I also recently met Sarah. Until four years ago, she was an elementary school teacher who’d been laid off several times during California’s budget crisis. One of her trademark lessons was a banner she would hang in her classroom that simply said, “Whatever It Takes.”
Being a Survivor
When Sarah got thrown overboard the last time, she decided to follow her own advice . She founded a nonprofit called WIT (Whatever It Takes). This is a program for high school students to train them in social entrepreneurship and leadership. It earns them college credit.
She teaches them the secrets of how to create a sustainable enterprise whose primary value is helping others. Sarah and her young tribe of entrepreneurs just held a Pitch Competition at the University of California, San Diego. New Enterprises pitched by her high school entrepreneurs included such things as:
- Prevent Loneliness – a business that connects teens and seniors who feel isolated and alone by doing acts of kindesss.
- Motivated Parks – a business that builds stronger communities by bringing kids and families together to refurbish neighborhood parks.
- Bites to Bites – a business that creates a link between local homeless and a sustainable source of otherise wasted food from neighboring restaurants.
These are not just feel good projects. They are real businesses that generate streams of sustainable income and are build quickly to scale to regional or national organizations. Based on her on-going work with high schoolers, Sarah is working on an additional business with a billion-dollar potential that could end up helping tens of millions of young people and disrupt an entire industry. (No, I can’t tell you what that is.)
Those are just two examples of people that might be profiled on this new TV show. The focus isn’t just on entrepreneur’s hero stories, but actually how to do it yourself.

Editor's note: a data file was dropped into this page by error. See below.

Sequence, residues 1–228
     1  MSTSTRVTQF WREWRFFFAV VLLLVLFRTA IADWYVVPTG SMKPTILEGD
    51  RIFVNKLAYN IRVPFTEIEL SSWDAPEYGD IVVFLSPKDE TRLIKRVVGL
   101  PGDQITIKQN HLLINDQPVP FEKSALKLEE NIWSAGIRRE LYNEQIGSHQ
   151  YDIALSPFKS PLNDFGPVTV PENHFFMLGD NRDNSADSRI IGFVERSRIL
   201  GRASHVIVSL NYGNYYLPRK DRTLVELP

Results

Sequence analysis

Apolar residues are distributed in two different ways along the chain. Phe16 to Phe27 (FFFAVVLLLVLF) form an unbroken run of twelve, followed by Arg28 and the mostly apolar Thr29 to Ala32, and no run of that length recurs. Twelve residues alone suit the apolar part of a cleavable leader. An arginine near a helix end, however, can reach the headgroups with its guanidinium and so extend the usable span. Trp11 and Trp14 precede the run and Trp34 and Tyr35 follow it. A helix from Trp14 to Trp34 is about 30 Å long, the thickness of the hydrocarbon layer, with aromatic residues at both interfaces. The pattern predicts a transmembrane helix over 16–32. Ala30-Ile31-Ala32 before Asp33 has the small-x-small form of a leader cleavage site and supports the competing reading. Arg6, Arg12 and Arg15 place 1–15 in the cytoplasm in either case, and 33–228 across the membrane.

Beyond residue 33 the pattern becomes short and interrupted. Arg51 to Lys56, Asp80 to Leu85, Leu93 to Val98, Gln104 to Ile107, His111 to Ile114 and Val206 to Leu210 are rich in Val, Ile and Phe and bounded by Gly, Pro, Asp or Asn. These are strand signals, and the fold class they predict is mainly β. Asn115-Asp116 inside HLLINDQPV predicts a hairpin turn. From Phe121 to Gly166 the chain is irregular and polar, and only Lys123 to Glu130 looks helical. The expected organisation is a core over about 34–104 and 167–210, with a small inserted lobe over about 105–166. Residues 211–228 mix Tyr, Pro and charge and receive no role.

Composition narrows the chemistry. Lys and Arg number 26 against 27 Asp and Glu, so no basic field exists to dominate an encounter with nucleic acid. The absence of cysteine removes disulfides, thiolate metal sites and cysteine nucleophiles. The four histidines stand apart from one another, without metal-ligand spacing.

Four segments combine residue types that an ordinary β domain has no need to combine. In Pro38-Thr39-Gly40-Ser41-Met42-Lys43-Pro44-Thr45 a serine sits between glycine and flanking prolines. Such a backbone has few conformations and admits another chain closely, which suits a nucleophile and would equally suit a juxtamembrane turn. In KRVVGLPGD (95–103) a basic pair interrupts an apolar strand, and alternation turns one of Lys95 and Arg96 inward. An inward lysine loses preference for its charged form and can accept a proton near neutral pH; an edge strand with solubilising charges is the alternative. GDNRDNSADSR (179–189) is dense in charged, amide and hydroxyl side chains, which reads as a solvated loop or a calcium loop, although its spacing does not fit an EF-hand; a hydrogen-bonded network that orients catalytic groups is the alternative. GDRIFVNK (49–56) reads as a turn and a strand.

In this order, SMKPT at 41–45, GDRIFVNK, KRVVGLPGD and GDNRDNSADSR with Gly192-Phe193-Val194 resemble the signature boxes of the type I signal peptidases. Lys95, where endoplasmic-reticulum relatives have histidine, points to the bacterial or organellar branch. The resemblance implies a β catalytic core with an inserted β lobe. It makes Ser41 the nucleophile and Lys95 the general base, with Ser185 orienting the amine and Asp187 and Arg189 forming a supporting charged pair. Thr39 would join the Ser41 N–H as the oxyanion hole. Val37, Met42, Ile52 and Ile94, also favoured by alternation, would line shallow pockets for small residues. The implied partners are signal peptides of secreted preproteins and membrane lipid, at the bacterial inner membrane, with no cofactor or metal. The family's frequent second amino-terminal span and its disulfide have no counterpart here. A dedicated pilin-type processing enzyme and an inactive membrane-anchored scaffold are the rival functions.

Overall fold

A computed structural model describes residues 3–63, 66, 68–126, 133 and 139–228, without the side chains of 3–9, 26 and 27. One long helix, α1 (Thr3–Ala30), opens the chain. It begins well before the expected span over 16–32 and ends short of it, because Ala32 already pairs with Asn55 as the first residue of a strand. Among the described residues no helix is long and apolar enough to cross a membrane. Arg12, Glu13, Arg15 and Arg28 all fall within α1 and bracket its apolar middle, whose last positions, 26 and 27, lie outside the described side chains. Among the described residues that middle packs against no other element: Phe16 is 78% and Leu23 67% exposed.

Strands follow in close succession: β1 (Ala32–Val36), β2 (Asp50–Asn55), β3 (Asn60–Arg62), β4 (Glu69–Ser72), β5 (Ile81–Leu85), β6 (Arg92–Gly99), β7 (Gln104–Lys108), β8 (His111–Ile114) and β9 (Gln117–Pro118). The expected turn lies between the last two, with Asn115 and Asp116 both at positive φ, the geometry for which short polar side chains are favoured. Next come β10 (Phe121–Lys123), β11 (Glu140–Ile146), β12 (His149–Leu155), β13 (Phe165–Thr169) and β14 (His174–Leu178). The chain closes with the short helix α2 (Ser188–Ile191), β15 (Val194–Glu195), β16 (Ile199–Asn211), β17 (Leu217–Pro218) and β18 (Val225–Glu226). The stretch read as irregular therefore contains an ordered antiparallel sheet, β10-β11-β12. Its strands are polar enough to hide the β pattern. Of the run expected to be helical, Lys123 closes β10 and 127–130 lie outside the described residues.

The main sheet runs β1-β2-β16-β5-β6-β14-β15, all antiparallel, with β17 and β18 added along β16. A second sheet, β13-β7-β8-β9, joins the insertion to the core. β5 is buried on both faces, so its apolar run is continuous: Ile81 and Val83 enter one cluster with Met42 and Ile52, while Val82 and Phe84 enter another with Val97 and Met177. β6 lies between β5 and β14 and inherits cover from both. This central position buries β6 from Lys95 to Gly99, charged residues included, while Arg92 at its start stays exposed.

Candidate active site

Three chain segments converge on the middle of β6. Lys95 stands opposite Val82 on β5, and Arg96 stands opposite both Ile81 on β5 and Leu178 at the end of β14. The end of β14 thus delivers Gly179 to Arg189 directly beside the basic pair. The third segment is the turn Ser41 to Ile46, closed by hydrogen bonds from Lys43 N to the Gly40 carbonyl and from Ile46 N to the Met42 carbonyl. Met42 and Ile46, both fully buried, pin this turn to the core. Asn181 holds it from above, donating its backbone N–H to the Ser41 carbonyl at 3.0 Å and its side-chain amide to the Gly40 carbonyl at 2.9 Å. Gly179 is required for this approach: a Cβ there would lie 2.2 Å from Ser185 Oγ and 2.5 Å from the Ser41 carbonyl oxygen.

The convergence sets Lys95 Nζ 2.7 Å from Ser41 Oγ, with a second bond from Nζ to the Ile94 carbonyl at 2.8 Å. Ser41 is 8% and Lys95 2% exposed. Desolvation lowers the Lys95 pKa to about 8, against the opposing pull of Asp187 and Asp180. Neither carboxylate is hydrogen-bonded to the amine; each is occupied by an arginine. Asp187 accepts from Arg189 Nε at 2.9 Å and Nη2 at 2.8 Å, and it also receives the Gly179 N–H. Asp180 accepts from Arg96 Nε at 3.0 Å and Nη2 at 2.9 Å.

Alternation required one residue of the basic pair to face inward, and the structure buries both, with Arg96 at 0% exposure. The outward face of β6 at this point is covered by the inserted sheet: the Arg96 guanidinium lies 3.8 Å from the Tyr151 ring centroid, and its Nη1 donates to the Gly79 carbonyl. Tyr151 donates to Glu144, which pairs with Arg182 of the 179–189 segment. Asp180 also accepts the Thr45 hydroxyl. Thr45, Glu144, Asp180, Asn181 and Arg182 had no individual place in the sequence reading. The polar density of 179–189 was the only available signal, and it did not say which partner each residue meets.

I Do Have Hope
Every show will also feature a new entrepreneurs’ pitch to the TV audience. Like Kickstarter…if audience members like your “Pro-purpose Business” you could raise hundreds of thousands of dollars to take it big. Sort of like Shark Tank for the rest of us…but only for businesses that are solving nontrivial problems. I have no idea if this TV show will become a reality. But, it will be pitched in some major cable networks in the new few weeks.
What turns me on about thinking this way is that it gives me lots of hope. I don’t really believe our world is going to end up like the prognosticators predicted New York City would in 1880. Yes, we have lots of stupid people with lots of big opinions and many, many inept leaders in all our institutions. Yet, we are resilient and creative at our core.
What’s The Best We Can Do?
The world that we have created is not the best we can do. Today we have more bright, educated and values-driven people thinking about how to create the future of sustainable abundance than ever before in history. And while it’s true we may have to wade through a lot of stinkin’… I believe we will get to higher ground.